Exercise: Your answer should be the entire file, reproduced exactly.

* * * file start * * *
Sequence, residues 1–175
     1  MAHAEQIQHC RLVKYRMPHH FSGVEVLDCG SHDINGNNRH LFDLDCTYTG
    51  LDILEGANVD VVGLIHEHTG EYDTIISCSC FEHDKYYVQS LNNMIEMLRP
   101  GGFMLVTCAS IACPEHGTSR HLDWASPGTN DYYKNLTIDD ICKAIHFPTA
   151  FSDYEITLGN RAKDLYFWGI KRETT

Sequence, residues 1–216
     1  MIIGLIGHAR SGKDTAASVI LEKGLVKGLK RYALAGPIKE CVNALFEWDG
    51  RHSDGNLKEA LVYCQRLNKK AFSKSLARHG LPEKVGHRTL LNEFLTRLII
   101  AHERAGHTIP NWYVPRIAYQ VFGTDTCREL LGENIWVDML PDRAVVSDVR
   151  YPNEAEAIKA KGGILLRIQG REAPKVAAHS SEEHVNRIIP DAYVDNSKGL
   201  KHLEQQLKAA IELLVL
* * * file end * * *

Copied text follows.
Sequence, residues 1–175
     1  MAHAEQIQHC RLVKYRMPHH FSGVEVLDCG SHDINGNNRH LFDLDCTYTG
    51  LDILEGANVD VVGLIHEHTG EYDTIISCSC FEHDKYYVQS LNNMIEMLRP
   101  GGFMLVTCAS IACPEHGTSR HLDWASPGTN DYYKNLTIDD ICKAIHFPTA
   151  FSDYEITLGN RAKDLYFWGI KRETT

Sequence, residues 1–216
     1  MIIGLIGHAR SGKDTAASVI LEKGLVKGLK RYALAGPIKE CVNALFEWDG
    51  RHSDGNLKEA LVYCQRLNKK AFSKSLARHG LPEKVGHRTL LNEFLTRLII
   101  AHERAGHTIP NWYVPRIAYQ VFGTDTCREL LGENIWVDML PDRAVVSDVR
   151  YPNEAEAIKA KGGILLRIQG REAPKVAAHS SEEHVNRIIP DAYVDNSKGL
   201  KHLEQQLKAA IELLVL